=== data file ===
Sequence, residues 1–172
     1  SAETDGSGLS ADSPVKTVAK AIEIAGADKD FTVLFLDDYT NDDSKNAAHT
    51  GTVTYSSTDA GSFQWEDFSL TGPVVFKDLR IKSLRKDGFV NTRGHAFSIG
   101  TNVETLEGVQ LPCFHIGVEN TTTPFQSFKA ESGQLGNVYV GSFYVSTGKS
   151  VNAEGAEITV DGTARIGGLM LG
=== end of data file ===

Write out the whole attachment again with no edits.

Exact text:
Sequence, residues 1–172
     1  SAETDGSGLS ADSPVKTVAK AIEIAGADKD FTVLFLDDYT NDDSKNAAHT
    51  GTVTYSSTDA GSFQWEDFSL TGPVVFKDLR IKSLRKDGFV NTRGHAFSIG
   101  TNVETLEGVQ LPCFHIGVEN TTTPFQSFKA ESGQLGNVYV GSFYVSTGKS
   151  VNAEGAEITV DGTARIGGLM LG